0

We're Doing Our Best To Work Out How Many Still Missing - Minnis

Prime Minister Dr Hubert Minnis. (File photo)

Prime Minister Dr Hubert Minnis. (File photo)

By KHRISNA RUSSELL

Deputy Chief Reporter

krussell@tribunemedia.net

PRIME Minister Dr Hubert Minnis said it is very difficult for government to give an exact count of those missing since Hurricane Dorian devastated Abaco and Grand Bahama, telling Parliament last night “we are doing our best”.

According to the Killarney MP, several things factored into his administration’s inability to update the public on these missing people two months since the storm. “We’re only aware of about 67 (deaths) and we must remember there was excessive storm surge,” Dr Minnis said last night as he wrapped up debate on the Disaster Reconstruction Authority Bill, “and individuals may have been swept out, so it is a possibility that later on we may find bodies at remote cays and other places that may have been washed and moved by the ocean. That’s a possibility.

“It’s very difficult for us to have an exact count on the numbers of missing individuals because you will recall that there are a lot of undocumented individuals. If they are undocumented we won’t have records of them and therefore you may find that numbers may fluctuate, but we are doing our best to keep count of and reporting to the nation at large as to the count the number dead as well as the number missing.”

This as Dr Minnis said his administration’s Disaster Reconstruction Authority Bill 2019 was proof that government is “dead serious” about making sustainable changes in the country following devastating Hurricane Dorian.

During his earlier contribution to the Bill, he said it did several things that have not been seen in other pieces of legislation.

These include prohibiting the holder of the authority’s chairmanship from also holding political office and a restriction that only 20 percent of the budget can be used for salaries and personal emoluments.

However, Opposition MP Chester Cooper said the Official Opposition would not support this Bill calling it horribly drafted and poorly thought out. He called the Bill “NEMA 2.0”, telling House members it would easily create opportunity for cronyism.

Many have questioned how the authority will work as much of its functions seem to overlap with the National Emergency Management Agency. “In seeing the destruction caused by Dorian my government knew right away we had to change how The Bahamas prepares for, and responds to storms, especially mega storms,” Dr Minnis said.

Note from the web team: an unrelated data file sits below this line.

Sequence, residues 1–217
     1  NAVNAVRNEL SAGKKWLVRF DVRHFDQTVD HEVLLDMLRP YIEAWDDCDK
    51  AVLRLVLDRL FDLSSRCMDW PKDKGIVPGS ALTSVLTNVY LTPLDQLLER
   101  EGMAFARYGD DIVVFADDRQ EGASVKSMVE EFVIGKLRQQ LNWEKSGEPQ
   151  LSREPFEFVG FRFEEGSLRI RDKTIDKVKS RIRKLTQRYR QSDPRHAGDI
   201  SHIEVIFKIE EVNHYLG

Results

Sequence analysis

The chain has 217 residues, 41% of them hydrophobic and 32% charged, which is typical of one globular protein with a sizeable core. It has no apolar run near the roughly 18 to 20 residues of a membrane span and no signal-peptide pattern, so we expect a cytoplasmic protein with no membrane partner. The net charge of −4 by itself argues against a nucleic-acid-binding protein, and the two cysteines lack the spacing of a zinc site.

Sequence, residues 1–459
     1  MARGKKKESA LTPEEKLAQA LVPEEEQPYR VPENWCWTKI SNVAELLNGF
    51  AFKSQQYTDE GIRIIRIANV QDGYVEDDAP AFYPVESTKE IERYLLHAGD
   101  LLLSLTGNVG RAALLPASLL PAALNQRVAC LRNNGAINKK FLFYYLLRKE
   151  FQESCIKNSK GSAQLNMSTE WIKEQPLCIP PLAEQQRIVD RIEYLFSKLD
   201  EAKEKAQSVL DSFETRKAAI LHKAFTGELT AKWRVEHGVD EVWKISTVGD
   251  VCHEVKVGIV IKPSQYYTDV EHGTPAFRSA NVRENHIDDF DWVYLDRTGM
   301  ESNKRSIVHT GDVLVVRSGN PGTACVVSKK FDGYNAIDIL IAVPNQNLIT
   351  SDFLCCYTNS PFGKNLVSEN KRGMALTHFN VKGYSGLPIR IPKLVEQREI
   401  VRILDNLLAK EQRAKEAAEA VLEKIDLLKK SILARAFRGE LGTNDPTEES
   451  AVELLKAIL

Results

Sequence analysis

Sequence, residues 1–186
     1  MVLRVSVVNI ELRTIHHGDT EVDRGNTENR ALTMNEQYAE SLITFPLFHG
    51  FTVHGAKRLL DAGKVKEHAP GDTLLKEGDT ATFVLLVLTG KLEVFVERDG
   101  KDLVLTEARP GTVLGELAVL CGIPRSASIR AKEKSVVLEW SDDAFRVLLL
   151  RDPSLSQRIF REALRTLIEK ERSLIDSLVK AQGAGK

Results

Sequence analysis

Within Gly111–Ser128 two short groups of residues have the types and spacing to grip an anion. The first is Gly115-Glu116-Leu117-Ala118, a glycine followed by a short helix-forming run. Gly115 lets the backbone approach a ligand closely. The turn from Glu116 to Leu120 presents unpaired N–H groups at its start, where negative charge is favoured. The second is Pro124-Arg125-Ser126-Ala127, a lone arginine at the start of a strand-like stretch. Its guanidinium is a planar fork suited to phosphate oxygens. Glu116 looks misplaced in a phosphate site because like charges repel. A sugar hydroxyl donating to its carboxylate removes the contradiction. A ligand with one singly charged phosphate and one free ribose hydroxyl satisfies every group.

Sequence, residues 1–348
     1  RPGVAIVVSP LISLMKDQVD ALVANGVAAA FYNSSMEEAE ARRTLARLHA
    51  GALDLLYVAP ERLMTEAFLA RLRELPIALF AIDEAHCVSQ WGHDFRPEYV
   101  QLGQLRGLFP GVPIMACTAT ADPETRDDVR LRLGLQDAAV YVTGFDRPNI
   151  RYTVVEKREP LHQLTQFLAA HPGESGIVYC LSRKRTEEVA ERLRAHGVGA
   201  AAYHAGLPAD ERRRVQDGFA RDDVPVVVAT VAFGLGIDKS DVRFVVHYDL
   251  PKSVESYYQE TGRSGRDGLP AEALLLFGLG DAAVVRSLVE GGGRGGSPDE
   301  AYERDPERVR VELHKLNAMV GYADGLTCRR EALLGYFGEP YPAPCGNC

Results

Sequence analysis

“The warmer seas due to climate change mean that cyclones that peaked at Category 1 or 2 strength in a previous time now may be of Category 4 or 5 intensity or ‘Category Hell’ as the United Nations secretary-general stated after seeing the scale of the disaster for himself.

“We have to change, revise and in various instances dramatically overhaul laws, procedures, agencies and mindset for these times.

“There are those who cling to doing things the old way. Whenever innovation is suggested they say ‘no, no, no’. They complain. They fear change. But change is a must if we are to develop new procedures, structures and modes of thinking that may save lives and lessen the damage to hard-earned property when storms strike.”

The Bill creates the framework for the the Bahamas National Recovery and Reconstruction Trust Fund. The fund Dr Minnis said will be an independent and non-political body to help fund home and building repairs.

When he took the floor to speak on the Bill, Mr Cooper said it was an offensive proposal. “We’re not going to support this bill,” Mr Cooper said

“In fact let me go a step further and say that this is one of the worst drafted, poorly thought out pieces of legislation that I’ve seen. It was actually offensive in many regards. People are hurting on the ground. They are not seeing relief and restoration fast enough. Commerce has not been restored and there is a looming level of uncertainty as it relates to the future and their most basic supplies and basic needs.

“Yet we find time to create nonsense pieces of legislation. If NEMA isn’t working, why don’t we fix it? If NEMA needs to be enhanced why don’t we tweak it? Why don’t we enhance it rather than creating another bureaucracy?”

Comments

TalRussell 4 weeks, 1 day ago

Can't anyone up in PMO help colony's comrade prime minister line up the numbers of the still missing so we PM can add them all up - maybe individual pictures still missing can help, yes, no ........ and, whatever happened to PMO's hire, comrade sister Erica - maybe she's too been placed into witness protection program - alongside Acee - does anyone remember Acee .....

0

Dawes 4 weeks ago

Its been two months, if this is your best then your best is simply not good enough.

0

Sign in to comment